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Digital Citizenship

Digital Citizenship
Digital Citizenship is a concept which helps teachers, technology leaders and parents to understand what students/children/technology users should know to use technology appropriately. Digital Citizenship is more than just a teaching tool; it is a way to prepare students/technology users for a society full of technology. Digital citizenship is the norms of appropriate, responsible technology use. Too often we are seeing students as well as adults misusing and abusing technology but not sure what to do. The issue is more than what the users do not know but what is considered appropriate technology usage. The topic of digital citizenship is certainly gaining momentum not only in the United States but around the world. In response to many discussions with users from around the world some new ideas have surfaced on how to discuss the nine elements of digital citizenship.

Nine Elements Nine Themes of Digital Citizenship Digital citizenship can be defined as the norms of appropriate, responsible behavior with regard to technology use. 1. Digital Access: full electronic participation in society. Technology users need to be aware that not everyone has the same opportunities when it comes to technology. 2. 3. 4. 5. 6. 7. 8. 9. Respect, Educate and Protect (REPs) These elements have also been organized under the principles of respect, educate and protect. Respect Your Self/Respect Others - Etiquette - Access - Law Educate Your Self/Connect with Others - Literacy - Communication - Commerce Protect Your Self/Protect Others -Rights and Responsibility - Safety (Security) - Health and Welfare If this was to be taught beginning at the kindergarten level it would follow this pattern: Repetition 1 (kindergarten to second grade) Respect Your Self/Respect Others Digital Etiquette Educate Your Self/Connect with OthersDigital Literacy Protect Your Self/Protect Others Digital Rights and Responsibility

TRAILS: Tool for Real-time Assessment of Information Literacy Skills How To Tackle Digital Citizenship During The First 5 Days Of School Digital citizenship is not a one time discussion. It is an ongoing process that needs to be taught to all grade levels and to all stakeholders. The problem is that things are changing so rapidly that it is difficult for everyone to keep up to date with the trends. Everyone has to be educated and develop an understanding of the role digital citizenship plays in our everyday lives. There is so much that goes into being a digital citizen; from taking photos of others to knowing when it is appropriate to share something online. Our students are like cowboys living in the wild wild west. Day One: Create An Acceptable Use Policy WITH Your Students – Give Them a Voice Every September we pass out the obligatory acceptable use policies with little thought to what they include. For this discussion, think about digital citizenship in general, at school, at home and in transit. Who is responsible for the technology or the device – what does that entail? Day Two:Discuss “Online Privacy”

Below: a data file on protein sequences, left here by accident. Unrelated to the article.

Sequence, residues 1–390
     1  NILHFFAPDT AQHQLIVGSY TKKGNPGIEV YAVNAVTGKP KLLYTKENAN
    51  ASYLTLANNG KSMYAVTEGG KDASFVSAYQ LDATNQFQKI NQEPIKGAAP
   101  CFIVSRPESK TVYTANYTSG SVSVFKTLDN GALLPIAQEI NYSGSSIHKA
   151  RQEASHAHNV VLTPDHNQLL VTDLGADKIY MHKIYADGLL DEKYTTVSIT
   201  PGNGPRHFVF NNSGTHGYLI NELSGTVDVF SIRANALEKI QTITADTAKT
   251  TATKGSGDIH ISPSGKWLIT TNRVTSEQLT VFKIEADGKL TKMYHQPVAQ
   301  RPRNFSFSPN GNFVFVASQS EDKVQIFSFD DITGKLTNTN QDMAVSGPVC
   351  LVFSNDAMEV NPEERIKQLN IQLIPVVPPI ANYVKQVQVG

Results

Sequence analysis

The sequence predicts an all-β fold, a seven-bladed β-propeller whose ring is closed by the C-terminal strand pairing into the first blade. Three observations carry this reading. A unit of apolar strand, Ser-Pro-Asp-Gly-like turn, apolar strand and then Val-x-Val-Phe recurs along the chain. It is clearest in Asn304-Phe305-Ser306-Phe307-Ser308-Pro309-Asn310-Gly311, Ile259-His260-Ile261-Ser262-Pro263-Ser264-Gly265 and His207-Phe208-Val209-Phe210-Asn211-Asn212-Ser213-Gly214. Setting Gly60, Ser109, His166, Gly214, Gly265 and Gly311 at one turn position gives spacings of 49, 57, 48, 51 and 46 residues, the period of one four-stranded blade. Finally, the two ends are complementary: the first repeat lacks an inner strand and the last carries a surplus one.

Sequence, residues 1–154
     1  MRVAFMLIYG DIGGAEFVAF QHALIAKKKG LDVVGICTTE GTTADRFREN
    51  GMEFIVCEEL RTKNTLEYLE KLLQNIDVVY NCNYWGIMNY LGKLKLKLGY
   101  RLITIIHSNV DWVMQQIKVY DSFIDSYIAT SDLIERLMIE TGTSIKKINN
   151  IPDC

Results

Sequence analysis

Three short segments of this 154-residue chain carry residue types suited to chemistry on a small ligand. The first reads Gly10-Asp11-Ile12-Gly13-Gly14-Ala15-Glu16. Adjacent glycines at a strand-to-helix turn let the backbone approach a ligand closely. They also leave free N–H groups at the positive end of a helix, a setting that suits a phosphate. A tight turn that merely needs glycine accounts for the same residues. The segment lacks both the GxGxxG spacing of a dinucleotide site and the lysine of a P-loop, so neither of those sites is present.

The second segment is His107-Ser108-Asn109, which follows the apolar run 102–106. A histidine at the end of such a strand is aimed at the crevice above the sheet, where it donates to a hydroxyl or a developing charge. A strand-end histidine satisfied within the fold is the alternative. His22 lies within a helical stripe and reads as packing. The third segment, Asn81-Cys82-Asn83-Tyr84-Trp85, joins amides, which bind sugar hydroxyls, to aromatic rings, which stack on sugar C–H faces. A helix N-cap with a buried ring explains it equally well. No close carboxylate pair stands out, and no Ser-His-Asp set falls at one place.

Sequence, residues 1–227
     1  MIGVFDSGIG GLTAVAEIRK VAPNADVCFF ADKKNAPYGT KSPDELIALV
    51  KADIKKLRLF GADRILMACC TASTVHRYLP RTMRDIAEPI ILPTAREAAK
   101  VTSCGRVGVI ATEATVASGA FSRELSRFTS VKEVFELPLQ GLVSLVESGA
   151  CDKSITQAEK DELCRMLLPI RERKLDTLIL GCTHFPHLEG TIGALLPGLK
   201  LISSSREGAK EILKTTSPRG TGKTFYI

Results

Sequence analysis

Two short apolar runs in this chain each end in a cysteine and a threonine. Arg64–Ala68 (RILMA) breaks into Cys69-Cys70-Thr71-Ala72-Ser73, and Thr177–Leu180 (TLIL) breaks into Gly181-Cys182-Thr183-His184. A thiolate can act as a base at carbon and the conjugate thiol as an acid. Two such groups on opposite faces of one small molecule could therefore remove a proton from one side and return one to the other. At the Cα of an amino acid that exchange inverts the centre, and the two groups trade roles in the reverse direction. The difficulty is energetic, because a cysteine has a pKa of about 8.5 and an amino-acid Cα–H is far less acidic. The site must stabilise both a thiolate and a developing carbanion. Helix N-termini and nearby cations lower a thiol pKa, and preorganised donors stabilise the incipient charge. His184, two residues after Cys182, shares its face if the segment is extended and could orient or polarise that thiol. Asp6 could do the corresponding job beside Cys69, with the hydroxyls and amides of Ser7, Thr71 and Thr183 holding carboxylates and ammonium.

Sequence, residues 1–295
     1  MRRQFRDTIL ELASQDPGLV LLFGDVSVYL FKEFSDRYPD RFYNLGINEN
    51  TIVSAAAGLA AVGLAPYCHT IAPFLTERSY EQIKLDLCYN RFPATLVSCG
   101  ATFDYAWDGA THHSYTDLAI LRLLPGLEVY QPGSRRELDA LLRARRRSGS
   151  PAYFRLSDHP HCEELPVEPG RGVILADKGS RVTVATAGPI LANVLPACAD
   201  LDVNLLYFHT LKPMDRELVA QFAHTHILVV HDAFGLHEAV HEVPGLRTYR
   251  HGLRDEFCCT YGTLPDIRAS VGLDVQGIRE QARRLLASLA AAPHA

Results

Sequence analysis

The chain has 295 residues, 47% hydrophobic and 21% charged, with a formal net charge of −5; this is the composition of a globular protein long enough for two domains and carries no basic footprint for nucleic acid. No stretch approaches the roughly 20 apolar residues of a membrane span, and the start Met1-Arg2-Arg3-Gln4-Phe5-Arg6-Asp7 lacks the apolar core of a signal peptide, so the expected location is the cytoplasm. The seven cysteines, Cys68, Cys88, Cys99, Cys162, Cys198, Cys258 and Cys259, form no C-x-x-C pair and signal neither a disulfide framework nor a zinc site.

Be Safe while Surfing Online - Learn How to Protect Yourself There are many precautions you can take as a child, teen or young adult while surfing the Internet. First, ALWAYS remember that you should NEVER give ANY personal information out about yourself unless you are with an adult, and they approve. While not all sites or individuals that collect information from children are illegal, it is better to be safe than sorry. It is also illegal to collect any personal information about children under the age of 13. This is called COPPA, the Children's Online Privacy Protection Act of 1998. Perhaps one of the best pieces of advice that you've probably heard over and over, "don't talk to strangers" is good to remember when you're on the Internet. Some predators have even been known to pose as friends, neighbors, or classmates in order to gain personal information from kids who are online. Remember, anything you say in a chat room can be monitored by anyone else there.

The Digital Citizen To be a citizen, of a country brings certain rights and responsibilities.In Rome, a citizen was exempt some taxes, protected against certain punishments, empowered with rights like voting, making contracts, marriage and standing for office. But with these rights also came responsibilities. The citizen of Rome had to speak Latin, pay taxes, serve jury duty, be registered and identified by birth certificate and census. They also had to up hold social responsibilities and be virtuous. Digital citizenship has similar benefits and responsibilities. A good digital citizen will experience the advantages of the digital world but like a citizen of a nation, they will be identifiable, speak using the appropriate language, serve his or her duty to judge what is appropriate within the laws of the land and ethical behavior, uphold their social responsibilities and be virtuous. This is being a virtuous citizen. Recommendation: Recommendations Recommendations. Recommendation. Recommendations